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Video: Rules For Watering Indoor Plants, The ABC Of A Home Garden - 2
Water in the life of indoor plants
The moisture content of the soil and air is of paramount importance in the life of plants in general, and indoor ones in particular. After all, our pets are entirely dependent on their owners, on how caring and proper care for them will be.
Studies have shown that 80–90% of plant tissue consists of water, thanks to which the cells retain their elasticity and firmness. Water dissolves in itself and carries nutrients necessary for life, allows metabolism, respiration, nutrition and photosynthesis. The loss of only 10% of the liquid is most often irreversible and dooms the plants to death. Indeed, water is the source of life on Earth, and not only for plants.
The roots of plants, equipped with the finest root hairs, work as pumps, pump out soil moisture and supply it to all organs and tissues through vessels of various sizes. Sufficient air humidity helps the aerial parts of plants to exist, preventing them from drying out. Some plant species (monstera, philodendrons, syngoniums, etc.) also have aerial roots that can absorb moisture from the air and additionally feed it to the plant organism.
The need for moisture in flowering plants is determined by biological characteristics associated with their place of origin and the season of the year (meaning the period of active growth and relative or complete rest). The frequency of watering and the amount of water also depend on the size of plants and utensils, their location in the house, air temperature, illumination, their individual moisture requirements in accordance with the biology of the genus and species. Such a number of factors that need to be considered when calculating watering makes it very difficult to draw up a clear watering schedule for each plant, especially in winter. But still, some general patterns can be found, and we will be guided by them in this difficult matter.
The general pattern for watering is as follows: the higher the air temperature, the smaller the dishes where the flower grows, the more porous (sand and gravel, with expanded clay and pebbles) the substrate, the more often the plants are watered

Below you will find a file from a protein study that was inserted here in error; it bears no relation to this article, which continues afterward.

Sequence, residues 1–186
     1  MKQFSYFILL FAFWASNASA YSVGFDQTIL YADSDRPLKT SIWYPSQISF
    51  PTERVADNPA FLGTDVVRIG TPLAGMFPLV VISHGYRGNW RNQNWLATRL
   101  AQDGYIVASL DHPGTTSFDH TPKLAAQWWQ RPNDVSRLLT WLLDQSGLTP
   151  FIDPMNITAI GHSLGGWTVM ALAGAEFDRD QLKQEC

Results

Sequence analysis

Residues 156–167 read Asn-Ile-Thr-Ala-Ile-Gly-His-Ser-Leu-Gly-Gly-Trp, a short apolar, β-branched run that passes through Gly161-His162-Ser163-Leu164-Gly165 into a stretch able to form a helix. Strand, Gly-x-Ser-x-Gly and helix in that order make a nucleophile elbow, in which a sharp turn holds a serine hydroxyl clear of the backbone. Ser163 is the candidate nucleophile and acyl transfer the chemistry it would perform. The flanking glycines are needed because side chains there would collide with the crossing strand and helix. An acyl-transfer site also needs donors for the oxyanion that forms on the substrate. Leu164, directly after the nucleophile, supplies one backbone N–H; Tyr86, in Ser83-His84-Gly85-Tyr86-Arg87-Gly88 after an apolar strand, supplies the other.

Still, the main factor is the plant itself, which needs to be closely monitored, and very soon you will understand at a glance exactly what your pet needs.
In order to create a good indoor garden, plants with similar requirements for growing conditions are combined by placing them nearby - this makes them easier to care for and creates natural plant communities, as it happens in nature. The distance between individual plant specimens should be sufficient for the air to flow around them, and the leaves do not touch each other, otherwise they are easily damaged and die off.
Species that grow under the scorching sun of tropical and subtropical regions of the Earth have protective devices to preserve precious moisture. They often have dense, tough, shiny leaves, such as we see in ficuses, palms, philodendrons. A large group of these ornamental plants tolerates the dry air of rooms with central heating quite easily. Of these, the most sustainable species are chosen for decorating homes and offices. It can be aglaonema, alocasia, amaryllis, aspidistra, aphelandra, begonia semperflorens, bilbergia, hibiscus, dracaena, figs, clivia, coffee tree, cryptantus, curculigo, laurel, muhlenbeckia, marica, mesembriantemum, monstera, platypusiphera palms, pepipherium and chassemereum, ivy, reo, sansevier, scindapsus, tradescantia, feijoa, ficus elastica, chlorophytum, hoya, cissus, shefflera and others. Such plants are able to spend several days without watering.